Two challenges in developing unified controllers for robot locomotion include the diversity of robot models and the complexity that a robot can exhibit in terms of high dimensionality, nonlinearity, and underactuation. The application of geometric mechanics to robotics aims to improve transferrability of techniques for robot locomotion to a broad class of systems.
At the heart of these ideas is the identification of symmetries in a robot’s mathematical model, simultaneously bringing together physically different types of robots under the same umbrella and reducing their complexity. In this representation, it is possible to reduce the problem of planning gaits for the snake robot shown below to the more analytical task of finding closed curves on so-called curvature plots.
In the spirit of extending the usefulness of geometric mechanics to more general systems, we consider modifications that must be made in the face of loss of symmetries or dynamic effects. For example, the replacement of the snake robot’s rear joint motor with a passive spring makes the system dynamic and immediately complicates the model. However, we can extend the analysis of the “fully actuated” robot to this new one, allowing us to locomote the partially actuated robot just as effectively as its predecessor. This is useful for modeling such a robot with even more links as well, as shown in our robot navigation video below.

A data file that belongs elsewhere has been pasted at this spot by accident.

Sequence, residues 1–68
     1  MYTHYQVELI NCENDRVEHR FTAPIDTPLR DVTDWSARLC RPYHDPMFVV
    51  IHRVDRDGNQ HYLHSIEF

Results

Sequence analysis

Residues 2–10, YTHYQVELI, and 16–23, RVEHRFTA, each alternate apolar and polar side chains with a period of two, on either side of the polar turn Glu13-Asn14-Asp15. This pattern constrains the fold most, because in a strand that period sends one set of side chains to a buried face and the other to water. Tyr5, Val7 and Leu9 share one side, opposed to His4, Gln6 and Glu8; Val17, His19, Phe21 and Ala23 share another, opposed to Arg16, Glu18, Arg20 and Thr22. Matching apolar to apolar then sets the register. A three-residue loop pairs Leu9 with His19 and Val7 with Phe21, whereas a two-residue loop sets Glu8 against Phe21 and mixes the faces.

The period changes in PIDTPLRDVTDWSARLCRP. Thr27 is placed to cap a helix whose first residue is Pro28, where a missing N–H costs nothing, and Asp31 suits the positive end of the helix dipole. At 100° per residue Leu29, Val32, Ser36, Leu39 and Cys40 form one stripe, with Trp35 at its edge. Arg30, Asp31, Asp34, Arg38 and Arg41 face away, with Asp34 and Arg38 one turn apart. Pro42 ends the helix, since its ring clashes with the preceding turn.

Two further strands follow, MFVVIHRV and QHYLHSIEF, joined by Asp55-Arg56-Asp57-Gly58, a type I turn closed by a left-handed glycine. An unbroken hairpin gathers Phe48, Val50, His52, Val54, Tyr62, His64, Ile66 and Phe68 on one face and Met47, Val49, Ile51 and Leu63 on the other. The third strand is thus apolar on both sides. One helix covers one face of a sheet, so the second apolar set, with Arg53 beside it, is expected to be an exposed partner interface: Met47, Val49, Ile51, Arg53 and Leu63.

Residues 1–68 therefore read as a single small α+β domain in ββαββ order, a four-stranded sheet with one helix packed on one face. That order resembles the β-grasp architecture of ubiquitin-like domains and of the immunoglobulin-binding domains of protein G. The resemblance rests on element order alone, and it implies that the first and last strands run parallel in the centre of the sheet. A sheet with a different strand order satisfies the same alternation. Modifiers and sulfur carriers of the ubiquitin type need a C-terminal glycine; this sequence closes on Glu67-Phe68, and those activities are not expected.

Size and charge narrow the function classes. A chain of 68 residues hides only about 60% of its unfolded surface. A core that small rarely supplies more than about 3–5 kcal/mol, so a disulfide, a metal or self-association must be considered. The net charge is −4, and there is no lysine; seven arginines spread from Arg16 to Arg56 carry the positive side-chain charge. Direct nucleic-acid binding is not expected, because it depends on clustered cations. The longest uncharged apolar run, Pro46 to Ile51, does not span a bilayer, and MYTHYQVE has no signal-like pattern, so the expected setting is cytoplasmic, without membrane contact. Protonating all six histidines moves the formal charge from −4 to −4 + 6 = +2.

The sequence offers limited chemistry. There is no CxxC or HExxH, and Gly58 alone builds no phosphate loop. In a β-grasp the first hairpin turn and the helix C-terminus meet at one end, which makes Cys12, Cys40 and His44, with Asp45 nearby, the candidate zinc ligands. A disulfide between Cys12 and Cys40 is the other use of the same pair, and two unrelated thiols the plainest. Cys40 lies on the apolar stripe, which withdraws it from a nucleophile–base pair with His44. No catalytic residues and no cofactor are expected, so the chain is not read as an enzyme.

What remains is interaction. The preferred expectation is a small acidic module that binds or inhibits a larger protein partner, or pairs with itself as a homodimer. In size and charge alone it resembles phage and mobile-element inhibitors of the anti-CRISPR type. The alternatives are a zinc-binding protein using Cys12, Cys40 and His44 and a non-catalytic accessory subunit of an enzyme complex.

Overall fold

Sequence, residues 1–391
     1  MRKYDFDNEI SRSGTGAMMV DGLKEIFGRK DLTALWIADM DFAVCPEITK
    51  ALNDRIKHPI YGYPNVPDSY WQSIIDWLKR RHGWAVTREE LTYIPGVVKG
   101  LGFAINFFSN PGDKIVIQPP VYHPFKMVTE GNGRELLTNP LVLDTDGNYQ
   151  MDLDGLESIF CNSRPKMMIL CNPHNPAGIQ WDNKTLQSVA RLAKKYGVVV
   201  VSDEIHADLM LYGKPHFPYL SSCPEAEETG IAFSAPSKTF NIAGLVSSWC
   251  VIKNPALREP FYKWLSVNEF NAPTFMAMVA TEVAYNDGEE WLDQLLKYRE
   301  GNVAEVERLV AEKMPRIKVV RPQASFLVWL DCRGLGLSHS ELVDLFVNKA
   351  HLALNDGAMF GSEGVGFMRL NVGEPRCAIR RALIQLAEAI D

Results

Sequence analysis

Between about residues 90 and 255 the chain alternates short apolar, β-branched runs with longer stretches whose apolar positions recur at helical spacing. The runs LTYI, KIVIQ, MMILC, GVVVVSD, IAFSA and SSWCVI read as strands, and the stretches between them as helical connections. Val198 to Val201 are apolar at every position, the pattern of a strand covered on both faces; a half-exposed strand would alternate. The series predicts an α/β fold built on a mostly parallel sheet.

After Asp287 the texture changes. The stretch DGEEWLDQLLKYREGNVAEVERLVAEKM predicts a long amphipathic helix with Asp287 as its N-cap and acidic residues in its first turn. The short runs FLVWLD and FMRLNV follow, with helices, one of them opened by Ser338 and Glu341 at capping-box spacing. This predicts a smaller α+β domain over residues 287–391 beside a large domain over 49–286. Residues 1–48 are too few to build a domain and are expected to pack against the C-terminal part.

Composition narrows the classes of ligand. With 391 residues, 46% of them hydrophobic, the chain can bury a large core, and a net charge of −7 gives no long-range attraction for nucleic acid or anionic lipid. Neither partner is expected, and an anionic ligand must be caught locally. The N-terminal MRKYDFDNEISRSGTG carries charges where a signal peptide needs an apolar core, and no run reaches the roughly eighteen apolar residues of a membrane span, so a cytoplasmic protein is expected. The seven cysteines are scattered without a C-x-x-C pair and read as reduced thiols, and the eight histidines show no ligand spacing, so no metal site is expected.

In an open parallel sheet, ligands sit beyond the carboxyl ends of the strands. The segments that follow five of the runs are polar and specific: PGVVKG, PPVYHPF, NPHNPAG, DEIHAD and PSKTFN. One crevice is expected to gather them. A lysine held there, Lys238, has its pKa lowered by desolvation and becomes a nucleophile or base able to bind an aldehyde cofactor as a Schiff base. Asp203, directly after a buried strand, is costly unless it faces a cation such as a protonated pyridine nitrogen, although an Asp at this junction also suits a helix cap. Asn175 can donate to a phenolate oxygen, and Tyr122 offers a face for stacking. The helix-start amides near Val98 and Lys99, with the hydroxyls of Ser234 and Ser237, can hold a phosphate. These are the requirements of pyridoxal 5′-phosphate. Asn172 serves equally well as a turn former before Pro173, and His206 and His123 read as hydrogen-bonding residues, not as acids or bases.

Other examples of geometric applications for dynamic robots include systems interacting with the ambient medium. This is particularly relevant for swimming robots that interact with the surrounding fluid and with each other via the fluid. Applications include the generation of gaits and motion controllers that synchronize locomotion in such environments